Diplomatic incident in Brasilia?
Lisa-Marie Gervais Canada August 11, 2011
Although denied by the Canadian Embassy, information circulating about the diplomatic incident caused on Monday by Prime Minister Stephen Harper during his visit to Brazil, are not mere rumours. A journalist respected in political circles, the Brazilian columnist Eliane Cantanhede Brazilian, who revealed the alleged blunders of Mr. Harper sticks to the story. "I confirmed the information from my sources on site," she told Le Devoir, in a telephone interview from Brasília.
The facts are described in an article co-authored with her colleague Natuza Nery in Folha de São Paulo, the most influential newspaper in the country; Stephen Harper appears to be a rude person shamelessly violating protocol. "That's inelegant of him. People found it arrogant and crude," said Ms. Cantanhede.
The reported incidents have occurred in two stages. First, the Prime Minister would have insisted to speak to Canadian journalists at the presidential palace (Planalto), against tradition that has Heads of State visitors usually addressing the press from the Ministry of Foreign Affairs (Itamaraty). "Giving Interviews in the Planalto Palace, it is never done. All who come to visit, even Obama, speak to reporters from the Itamaraty, "said the journalist.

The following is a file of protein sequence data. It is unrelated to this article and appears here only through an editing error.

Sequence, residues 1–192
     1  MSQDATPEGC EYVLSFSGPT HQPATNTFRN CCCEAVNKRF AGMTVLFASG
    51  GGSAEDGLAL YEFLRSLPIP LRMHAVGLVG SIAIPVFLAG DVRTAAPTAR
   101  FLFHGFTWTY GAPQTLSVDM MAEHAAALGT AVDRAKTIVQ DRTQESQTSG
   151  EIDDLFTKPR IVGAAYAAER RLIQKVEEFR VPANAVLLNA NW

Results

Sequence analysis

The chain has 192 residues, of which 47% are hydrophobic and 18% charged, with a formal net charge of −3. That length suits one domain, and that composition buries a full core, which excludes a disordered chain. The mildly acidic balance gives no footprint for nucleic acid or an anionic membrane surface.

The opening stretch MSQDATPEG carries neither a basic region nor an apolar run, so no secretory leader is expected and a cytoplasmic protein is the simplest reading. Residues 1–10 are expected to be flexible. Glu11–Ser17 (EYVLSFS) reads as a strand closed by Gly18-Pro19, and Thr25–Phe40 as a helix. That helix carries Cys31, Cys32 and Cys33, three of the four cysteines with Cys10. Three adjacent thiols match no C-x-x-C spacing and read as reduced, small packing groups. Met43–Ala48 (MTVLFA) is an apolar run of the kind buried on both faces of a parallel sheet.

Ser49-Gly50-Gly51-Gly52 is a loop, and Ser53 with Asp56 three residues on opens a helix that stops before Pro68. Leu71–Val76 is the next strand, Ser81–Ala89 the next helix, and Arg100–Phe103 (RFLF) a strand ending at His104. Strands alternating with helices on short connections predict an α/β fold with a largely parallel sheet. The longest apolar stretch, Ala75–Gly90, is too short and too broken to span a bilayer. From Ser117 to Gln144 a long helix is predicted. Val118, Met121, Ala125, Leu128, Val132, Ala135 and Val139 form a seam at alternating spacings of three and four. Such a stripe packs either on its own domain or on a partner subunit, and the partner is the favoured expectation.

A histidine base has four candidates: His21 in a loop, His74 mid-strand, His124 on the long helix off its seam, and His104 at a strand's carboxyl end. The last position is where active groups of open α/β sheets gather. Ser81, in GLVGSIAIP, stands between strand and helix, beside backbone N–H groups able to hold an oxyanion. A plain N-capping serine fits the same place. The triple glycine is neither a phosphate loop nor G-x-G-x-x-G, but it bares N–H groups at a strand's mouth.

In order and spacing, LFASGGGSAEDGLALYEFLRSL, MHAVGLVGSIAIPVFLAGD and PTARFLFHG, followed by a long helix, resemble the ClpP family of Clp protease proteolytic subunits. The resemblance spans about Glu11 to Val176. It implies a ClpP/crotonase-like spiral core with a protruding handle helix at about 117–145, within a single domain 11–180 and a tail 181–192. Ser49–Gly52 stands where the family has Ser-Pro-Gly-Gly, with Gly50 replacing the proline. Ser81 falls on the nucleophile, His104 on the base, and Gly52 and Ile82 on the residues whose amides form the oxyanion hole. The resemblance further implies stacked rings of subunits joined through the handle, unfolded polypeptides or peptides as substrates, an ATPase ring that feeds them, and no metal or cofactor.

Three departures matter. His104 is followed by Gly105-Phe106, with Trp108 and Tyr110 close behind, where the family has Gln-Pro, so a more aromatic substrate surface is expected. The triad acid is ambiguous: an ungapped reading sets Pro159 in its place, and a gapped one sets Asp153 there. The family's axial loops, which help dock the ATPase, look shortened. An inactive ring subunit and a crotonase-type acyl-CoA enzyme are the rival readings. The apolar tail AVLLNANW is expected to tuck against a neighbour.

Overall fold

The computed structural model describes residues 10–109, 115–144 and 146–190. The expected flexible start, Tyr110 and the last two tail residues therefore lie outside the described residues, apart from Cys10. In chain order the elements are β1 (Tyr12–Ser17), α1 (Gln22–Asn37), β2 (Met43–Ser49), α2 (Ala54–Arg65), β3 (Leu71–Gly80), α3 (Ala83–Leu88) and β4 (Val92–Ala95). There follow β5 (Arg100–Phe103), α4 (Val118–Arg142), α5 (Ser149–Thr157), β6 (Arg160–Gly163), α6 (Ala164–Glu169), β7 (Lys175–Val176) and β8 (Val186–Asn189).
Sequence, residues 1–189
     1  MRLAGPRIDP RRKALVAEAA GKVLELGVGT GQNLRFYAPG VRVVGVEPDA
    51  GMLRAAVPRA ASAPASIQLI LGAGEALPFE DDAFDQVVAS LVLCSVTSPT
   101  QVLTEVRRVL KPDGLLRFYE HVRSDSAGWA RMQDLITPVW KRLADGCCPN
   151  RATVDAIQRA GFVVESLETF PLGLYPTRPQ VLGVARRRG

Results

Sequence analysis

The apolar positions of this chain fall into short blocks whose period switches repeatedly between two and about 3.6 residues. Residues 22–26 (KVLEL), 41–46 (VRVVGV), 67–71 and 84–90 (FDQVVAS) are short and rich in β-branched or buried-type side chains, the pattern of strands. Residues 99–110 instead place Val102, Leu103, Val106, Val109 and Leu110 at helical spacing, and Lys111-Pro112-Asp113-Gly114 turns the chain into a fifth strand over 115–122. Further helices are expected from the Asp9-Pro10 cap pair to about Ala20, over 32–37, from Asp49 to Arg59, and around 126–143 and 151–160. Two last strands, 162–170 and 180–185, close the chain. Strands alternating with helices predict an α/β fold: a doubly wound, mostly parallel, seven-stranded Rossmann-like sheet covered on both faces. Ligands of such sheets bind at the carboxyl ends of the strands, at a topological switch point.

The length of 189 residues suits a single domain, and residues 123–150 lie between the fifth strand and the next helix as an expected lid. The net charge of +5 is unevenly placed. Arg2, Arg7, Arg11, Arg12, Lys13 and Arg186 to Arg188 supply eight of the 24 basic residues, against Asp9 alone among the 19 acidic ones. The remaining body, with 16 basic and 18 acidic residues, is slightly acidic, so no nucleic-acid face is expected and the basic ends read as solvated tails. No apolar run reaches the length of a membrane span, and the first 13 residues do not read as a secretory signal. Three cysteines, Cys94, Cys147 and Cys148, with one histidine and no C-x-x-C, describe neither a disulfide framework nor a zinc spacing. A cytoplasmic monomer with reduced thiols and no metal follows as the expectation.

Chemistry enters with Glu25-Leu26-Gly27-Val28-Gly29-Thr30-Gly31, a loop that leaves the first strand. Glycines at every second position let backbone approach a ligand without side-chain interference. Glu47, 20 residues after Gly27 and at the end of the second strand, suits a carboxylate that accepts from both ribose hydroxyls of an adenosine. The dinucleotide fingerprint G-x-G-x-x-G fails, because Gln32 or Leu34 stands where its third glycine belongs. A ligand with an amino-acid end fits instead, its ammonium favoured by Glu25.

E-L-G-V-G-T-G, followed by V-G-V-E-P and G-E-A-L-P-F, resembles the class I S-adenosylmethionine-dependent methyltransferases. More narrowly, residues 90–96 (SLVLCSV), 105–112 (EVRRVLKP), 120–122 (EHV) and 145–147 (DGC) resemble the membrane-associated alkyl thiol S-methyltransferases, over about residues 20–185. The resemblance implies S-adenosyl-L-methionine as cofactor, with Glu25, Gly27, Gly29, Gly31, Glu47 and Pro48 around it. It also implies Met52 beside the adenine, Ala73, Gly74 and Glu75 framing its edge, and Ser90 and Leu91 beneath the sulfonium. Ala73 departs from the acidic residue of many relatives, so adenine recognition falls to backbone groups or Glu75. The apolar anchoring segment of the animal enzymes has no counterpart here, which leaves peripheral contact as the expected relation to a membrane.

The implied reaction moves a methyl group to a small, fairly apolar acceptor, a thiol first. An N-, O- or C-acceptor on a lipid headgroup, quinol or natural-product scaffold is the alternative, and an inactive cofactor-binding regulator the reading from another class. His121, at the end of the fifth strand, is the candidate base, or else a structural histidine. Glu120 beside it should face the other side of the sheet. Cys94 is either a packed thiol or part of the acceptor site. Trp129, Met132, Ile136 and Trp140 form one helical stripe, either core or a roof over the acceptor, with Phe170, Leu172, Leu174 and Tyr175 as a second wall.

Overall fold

Official toast, before or after?
As the Brazilian authorities have refused him this privilege, Mr. Harper, upset, would have insisted to reverse part of the protocol, which is the official toast. The latter can be given before or after the meal, but the President of Brazil, Dilma Roussef, had wished to take place later. Canadian Prime Minister "demanded" it be done before and then he "locked himself in the private bathroom of foreign minister, Antonio Patriota," the article said.
"Taken off course, Brazilian diplomats did not know if they were to follow the expressed wishes of the President or give in to the capricious demands of the Canadian visitor," it said. Harper's whims eventually prevailed.
Have these events been misunderstood? Eliane Cantanhede, who was not there, says her sources are reliable. Someone present confided in her colleague Natuza Nery, who was nearby. "She told me about it and I then confirmed the information with advisors and diplomats present," she maintains.
Illustration from Montreal Simon.
ADDED by fh: Read some comments from Brazilians here. His behaviour did ^NOT go over well. To say the least.
ADDED by fh: Alison is on it.